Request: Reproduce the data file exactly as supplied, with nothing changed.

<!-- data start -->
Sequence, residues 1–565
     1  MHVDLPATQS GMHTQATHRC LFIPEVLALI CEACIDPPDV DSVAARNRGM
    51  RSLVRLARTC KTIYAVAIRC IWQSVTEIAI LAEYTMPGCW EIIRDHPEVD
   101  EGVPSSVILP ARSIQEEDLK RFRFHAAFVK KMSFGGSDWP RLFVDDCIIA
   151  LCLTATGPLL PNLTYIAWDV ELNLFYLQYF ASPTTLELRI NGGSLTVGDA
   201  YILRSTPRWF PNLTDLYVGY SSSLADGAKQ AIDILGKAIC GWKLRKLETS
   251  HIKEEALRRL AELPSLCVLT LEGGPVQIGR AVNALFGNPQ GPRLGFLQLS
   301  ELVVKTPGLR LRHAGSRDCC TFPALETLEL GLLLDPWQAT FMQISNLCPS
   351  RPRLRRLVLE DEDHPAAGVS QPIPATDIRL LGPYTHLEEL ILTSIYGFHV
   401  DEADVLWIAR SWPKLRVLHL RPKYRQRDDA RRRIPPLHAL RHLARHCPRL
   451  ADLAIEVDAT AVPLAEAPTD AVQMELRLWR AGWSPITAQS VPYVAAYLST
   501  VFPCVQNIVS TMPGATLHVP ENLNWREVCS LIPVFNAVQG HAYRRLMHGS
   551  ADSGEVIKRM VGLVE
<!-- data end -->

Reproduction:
Sequence, residues 1–565
     1  MHVDLPATQS GMHTQATHRC LFIPEVLALI CEACIDPPDV DSVAARNRGM
    51  RSLVRLARTC KTIYAVAIRC IWQSVTEIAI LAEYTMPGCW EIIRDHPEVD
   101  EGVPSSVILP ARSIQEEDLK RFRFHAAFVK KMSFGGSDWP RLFVDDCIIA
   151  LCLTATGPLL PNLTYIAWDV ELNLFYLQYF ASPTTLELRI NGGSLTVGDA
   201  YILRSTPRWF PNLTDLYVGY SSSLADGAKQ AIDILGKAIC GWKLRKLETS
   251  HIKEEALRRL AELPSLCVLT LEGGPVQIGR AVNALFGNPQ GPRLGFLQLS
   301  ELVVKTPGLR LRHAGSRDCC TFPALETLEL GLLLDPWQAT FMQISNLCPS
   351  RPRLRRLVLE DEDHPAAGVS QPIPATDIRL LGPYTHLEEL ILTSIYGFHV
   401  DEADVLWIAR SWPKLRVLHL RPKYRQRDDA RRRIPPLHAL RHLARHCPRL
   451  ADLAIEVDAT AVPLAEAPTD AVQMELRLWR AGWSPITAQS VPYVAAYLST
   501  VFPCVQNIVS TMPGATLHVP ENLNWREVCS LIPVFNAVQG HAYRRLMHGS
   551  ADSGEVIKRM VGLVE